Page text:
On 26 August 1968, Apple Records released their first four singles: including tracks by The Beatles, Mary Hopkin, Jackie Lomax and Black Dyke Mills Band.
He brought a humanitarian crisis to the world’s attention as only a former Beatle could.
'Give Peace A Chance' was recorded during the couple's famous "bed-in" at the Queen Elizabeth Hotel in Montreal.
A dazzling array of British stars played on Billy's stirring Apple single of 1969.
The night before he and Linda exchanged vows, Paul was working with George Harrison at Apple's basement studio.
A catalogue that has attracted thousands of interpretations inspires uDiscover Music's look at ten of the best covers of George's timeless work.
The Welsh singer's debut album followed her McCartney-produced single smash 'Those Were The Days.'
The material, first intended for a documentary, features the group's famous rooftop performance at Apple on 30 January 1969.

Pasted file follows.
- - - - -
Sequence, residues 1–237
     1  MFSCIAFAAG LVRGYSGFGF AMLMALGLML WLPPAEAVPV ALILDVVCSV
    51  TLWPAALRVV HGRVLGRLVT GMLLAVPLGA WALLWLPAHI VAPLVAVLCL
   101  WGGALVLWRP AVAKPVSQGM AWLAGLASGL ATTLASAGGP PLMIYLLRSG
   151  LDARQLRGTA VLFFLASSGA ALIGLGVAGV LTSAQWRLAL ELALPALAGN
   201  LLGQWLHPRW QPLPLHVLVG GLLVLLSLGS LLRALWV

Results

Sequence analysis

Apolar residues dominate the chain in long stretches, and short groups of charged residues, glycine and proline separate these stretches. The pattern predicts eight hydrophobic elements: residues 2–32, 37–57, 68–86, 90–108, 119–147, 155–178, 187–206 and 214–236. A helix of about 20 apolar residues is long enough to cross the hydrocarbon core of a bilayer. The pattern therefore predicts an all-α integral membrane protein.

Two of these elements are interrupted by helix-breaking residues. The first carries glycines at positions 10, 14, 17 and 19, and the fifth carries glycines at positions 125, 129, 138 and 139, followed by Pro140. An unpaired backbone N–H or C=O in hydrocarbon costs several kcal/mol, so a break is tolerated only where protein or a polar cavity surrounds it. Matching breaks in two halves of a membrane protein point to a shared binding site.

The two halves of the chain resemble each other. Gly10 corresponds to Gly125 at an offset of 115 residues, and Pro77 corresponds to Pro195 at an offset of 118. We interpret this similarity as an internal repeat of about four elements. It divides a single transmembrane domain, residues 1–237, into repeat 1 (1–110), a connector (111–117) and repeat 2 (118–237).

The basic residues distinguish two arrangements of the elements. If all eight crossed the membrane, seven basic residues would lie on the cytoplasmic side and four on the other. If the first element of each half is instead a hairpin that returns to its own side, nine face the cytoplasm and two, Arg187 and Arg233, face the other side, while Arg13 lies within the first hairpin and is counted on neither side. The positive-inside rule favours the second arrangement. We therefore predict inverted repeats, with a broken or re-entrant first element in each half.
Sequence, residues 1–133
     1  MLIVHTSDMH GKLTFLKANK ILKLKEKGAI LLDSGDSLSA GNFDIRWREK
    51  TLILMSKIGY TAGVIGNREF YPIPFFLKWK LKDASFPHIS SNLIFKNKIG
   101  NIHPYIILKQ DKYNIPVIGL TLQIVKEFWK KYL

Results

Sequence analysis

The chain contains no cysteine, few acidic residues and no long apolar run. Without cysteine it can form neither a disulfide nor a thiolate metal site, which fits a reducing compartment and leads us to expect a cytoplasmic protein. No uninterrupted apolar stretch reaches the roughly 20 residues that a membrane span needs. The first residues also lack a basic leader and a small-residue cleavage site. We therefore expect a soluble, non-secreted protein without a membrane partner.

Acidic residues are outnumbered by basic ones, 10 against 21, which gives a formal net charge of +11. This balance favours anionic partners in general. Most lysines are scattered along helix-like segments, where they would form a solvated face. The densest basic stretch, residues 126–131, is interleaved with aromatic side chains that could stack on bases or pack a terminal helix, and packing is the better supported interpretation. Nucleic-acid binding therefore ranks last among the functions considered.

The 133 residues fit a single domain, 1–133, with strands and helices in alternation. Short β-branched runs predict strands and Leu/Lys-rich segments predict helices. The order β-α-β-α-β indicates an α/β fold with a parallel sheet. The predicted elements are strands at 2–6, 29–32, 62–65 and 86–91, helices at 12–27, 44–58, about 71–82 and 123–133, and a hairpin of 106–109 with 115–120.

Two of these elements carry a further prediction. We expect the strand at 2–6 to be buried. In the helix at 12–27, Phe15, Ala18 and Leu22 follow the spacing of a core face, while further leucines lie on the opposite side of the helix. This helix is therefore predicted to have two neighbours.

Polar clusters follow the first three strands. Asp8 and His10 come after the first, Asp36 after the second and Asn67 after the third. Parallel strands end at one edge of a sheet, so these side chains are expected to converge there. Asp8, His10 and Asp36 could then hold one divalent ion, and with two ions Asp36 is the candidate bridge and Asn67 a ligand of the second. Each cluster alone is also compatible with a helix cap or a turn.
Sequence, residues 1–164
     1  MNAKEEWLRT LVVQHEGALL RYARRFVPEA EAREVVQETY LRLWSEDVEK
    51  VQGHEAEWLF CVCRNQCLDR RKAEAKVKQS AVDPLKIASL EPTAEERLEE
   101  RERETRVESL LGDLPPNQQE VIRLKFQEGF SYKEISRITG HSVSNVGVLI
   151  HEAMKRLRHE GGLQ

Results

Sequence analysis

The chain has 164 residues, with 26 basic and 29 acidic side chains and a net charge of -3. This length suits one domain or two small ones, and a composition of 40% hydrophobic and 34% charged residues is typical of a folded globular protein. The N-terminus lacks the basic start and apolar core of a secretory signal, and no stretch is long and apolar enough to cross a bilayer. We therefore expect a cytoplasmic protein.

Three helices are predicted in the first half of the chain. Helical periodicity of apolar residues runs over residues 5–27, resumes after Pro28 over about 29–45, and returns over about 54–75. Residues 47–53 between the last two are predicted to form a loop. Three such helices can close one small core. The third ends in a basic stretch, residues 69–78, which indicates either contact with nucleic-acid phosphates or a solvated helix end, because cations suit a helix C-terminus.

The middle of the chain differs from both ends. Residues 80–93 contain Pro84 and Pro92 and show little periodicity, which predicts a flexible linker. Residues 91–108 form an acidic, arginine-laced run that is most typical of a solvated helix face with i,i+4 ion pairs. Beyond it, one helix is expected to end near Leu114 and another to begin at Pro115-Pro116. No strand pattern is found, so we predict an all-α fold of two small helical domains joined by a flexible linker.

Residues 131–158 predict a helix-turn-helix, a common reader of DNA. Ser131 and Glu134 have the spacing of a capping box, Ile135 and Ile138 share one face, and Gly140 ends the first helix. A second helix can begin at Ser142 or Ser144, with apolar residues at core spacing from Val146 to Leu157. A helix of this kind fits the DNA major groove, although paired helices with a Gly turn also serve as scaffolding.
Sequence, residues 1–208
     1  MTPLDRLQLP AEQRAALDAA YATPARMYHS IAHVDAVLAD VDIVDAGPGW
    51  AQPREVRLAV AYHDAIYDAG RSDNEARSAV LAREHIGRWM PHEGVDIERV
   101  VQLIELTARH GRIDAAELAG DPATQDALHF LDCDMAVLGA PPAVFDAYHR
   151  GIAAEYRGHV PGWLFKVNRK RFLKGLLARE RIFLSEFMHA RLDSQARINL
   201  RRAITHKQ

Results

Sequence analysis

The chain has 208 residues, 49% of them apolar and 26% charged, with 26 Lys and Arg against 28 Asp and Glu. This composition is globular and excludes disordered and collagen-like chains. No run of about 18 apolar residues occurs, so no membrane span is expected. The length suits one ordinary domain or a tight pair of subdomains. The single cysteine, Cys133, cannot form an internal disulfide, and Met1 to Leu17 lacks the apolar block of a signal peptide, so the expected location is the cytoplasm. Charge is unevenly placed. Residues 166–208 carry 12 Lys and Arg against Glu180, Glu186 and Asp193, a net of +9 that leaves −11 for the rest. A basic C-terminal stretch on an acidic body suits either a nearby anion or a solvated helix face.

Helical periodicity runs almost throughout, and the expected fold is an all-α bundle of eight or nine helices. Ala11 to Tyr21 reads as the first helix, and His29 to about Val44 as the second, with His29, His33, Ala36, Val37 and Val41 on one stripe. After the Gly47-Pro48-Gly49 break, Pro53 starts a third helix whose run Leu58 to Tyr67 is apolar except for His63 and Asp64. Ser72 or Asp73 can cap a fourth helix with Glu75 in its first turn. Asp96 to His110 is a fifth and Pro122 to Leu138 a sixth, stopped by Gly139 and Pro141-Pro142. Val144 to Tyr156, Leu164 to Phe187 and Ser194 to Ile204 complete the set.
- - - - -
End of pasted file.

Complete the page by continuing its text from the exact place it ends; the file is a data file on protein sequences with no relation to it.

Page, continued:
On 29 January, 1972, Badfinger charted in the UK with 'Day After Day,' produced by George Harrison, the second time they had a hit produced by a Beatle.
With backing from Apple and the support of Beatles Paul McCartney and George Harrison, James Taylor released a debut album that continues to amaze.
The Beatles' protégés released their second album under that band name, 'No Dice,' in the UK on 27 November 1970.
The 30-track 1968 album is augmented by many unreleased acoustic demos and session takes.
George played on Gary's second solo album, 1971's 'Footprint,' just as Wright had played for Harrison the year before on 'All Things Must Pass.'
First releases include Harrison's last collaboration with Ravi Shankar.
Leslie Cavendish had his book The Cutting Edge: The Story of the Beatles' Hairdresser Who Defined an Era published by Alma Books in August 2017.